Functions as a Service (FaaS) is fast gaining developer adoption. We have already talked about the maturity of FaaS and the noise around the term. In this post, we are going to discuss the performance benchmarks on the three of the top four cloud services using the results found in an academic paper. The tl:dr version of this paper is that the FaaS offered by Amazon Web Services, Microsoft and Google are still not mature enough but AWS Lambda is far ahead of the other two. Please keep in mind that this is not our research and we have simply reproduced salient points for a quick reading.
Peeking behind Serverless
Researchers from Ohio State University, University of Wisconsin at Madison and Cornell Tech evaluated the three of the top four serverless functions platforms over two years. These researchers analyze AWS Lambda, Azure Functions and Google Functions in one of the largest study where they invoked 50,000 function instances across these three services, in order to characterize their architectures, resource scheduling and performance. This post summarizes their finding for our readers. If you want more information including the numerical results from their analysis, check out this paper.
The researchers have used some of the known Linux and system admin tools to analyze the underlying infrastructure to guess how these services are architected. Keep in mind that this is an indirect inference from their analysis.
- The functions are hosted on Virtual Machines
- Each Virtual Machine hosts only one tenant
- Different versions of a function will be treated as distinct and executed in different function instances except for few outliers in the data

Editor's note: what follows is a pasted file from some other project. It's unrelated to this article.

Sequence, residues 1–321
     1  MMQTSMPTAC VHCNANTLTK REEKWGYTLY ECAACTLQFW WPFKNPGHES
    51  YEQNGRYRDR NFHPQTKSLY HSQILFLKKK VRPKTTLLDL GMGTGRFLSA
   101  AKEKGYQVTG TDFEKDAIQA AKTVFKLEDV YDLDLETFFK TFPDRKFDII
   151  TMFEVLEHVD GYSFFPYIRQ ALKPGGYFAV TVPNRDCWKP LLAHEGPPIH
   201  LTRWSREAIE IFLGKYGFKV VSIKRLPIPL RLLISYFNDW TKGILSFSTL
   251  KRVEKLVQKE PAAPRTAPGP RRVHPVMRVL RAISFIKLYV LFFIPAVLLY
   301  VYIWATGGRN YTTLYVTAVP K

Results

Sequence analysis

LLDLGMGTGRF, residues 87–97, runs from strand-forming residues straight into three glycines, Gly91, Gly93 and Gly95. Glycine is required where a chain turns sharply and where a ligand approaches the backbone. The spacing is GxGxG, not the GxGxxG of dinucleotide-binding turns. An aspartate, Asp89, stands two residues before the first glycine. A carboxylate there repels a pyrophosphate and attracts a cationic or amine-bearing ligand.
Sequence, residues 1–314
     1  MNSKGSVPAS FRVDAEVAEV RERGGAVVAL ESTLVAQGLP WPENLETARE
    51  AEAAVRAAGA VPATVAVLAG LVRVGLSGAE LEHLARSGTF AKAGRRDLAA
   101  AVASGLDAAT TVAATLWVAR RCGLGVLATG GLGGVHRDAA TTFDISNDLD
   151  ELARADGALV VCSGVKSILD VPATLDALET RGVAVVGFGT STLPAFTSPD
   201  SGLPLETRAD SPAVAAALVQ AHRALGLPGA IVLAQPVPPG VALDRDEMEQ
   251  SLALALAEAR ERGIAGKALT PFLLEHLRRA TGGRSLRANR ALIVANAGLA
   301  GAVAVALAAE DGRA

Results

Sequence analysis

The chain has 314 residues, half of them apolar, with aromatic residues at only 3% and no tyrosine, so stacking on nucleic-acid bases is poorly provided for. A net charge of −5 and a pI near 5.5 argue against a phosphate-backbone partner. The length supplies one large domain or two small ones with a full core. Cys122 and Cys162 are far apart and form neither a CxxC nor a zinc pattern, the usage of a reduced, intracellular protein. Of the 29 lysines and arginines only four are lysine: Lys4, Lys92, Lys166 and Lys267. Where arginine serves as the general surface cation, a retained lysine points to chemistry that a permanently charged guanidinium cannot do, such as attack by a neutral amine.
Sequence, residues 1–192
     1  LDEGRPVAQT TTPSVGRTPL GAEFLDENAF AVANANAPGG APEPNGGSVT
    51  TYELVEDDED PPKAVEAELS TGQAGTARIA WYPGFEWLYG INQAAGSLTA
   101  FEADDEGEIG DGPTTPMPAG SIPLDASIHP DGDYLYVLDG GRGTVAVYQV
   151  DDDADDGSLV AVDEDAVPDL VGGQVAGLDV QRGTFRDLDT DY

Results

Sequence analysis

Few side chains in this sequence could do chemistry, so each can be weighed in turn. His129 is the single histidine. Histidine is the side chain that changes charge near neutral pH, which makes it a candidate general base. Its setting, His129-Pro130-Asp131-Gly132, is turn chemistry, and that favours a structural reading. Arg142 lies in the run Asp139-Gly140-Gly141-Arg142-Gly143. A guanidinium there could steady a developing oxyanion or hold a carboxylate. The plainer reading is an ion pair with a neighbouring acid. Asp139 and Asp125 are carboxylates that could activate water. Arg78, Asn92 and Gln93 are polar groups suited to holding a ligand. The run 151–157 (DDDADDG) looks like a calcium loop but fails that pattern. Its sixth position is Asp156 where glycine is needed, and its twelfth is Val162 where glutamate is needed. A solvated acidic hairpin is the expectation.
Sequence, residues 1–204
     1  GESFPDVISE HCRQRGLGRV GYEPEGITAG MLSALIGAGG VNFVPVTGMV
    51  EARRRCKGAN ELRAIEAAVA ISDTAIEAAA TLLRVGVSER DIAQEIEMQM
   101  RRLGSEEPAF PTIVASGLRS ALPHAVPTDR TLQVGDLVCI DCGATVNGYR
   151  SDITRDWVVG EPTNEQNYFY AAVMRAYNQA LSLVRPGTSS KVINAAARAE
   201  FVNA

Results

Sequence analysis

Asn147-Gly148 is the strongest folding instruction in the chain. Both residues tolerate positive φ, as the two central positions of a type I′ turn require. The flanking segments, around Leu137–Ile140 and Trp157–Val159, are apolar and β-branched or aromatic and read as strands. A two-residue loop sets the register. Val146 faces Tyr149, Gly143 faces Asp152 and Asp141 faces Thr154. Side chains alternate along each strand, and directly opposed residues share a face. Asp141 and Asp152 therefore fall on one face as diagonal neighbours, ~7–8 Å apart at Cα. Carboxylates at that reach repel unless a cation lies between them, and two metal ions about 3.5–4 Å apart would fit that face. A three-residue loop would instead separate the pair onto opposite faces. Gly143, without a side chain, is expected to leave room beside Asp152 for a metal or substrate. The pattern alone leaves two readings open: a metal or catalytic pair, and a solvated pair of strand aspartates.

- While testing the services by invoking 50000 function instances, they figured out that there are 5 CPU configurations
- The functions are hosted on a container that contains the execution environments for individual functions
- According to the researchers, the underlying virtual machines are multi-tenant in 2017 but appears to be a single tenant in 2018
- While testing the services by invoking 50000 function instances, they figured out that the host VM has 1, 2 or 4 vCPUs
- There is very little information they could glean about the underlying infrastructure for Google Functions
- From their analysis, they found out that Google Functions uses 4 different CPU configurations. However, we should keep in mind that Google Functions was in beta during their testing
This talks about how the underlying resources in these FaaS are scheduled as functions are invoked. This includes instance coldstart latency, lifetime, scalability, etc.
- AWS is the best among the three services in supporting concurrent executions
- N concurrent invocations always produced N concurrently running function instances. The researchers tested up to N = 200
- AWS Lambda appears to treat instance placement as a bin-packing problem and tries to place a new function instance on an existing active VM to maximize VM memory utilization rates
- The median coldstart latency was 160 ms with 1000 instances
- The coldstart latency on a new VM vs on an existing VM was slower only by 39ms
- In AWS, the median instance lifetime across all settings was 6.2 hours, with the maximum being 8.3 hours. The host VMs in AWS usually lives longer: the longest observed VM kernel uptime was 9.2 hours. When request frequency increases instance lifetime tends to become shorter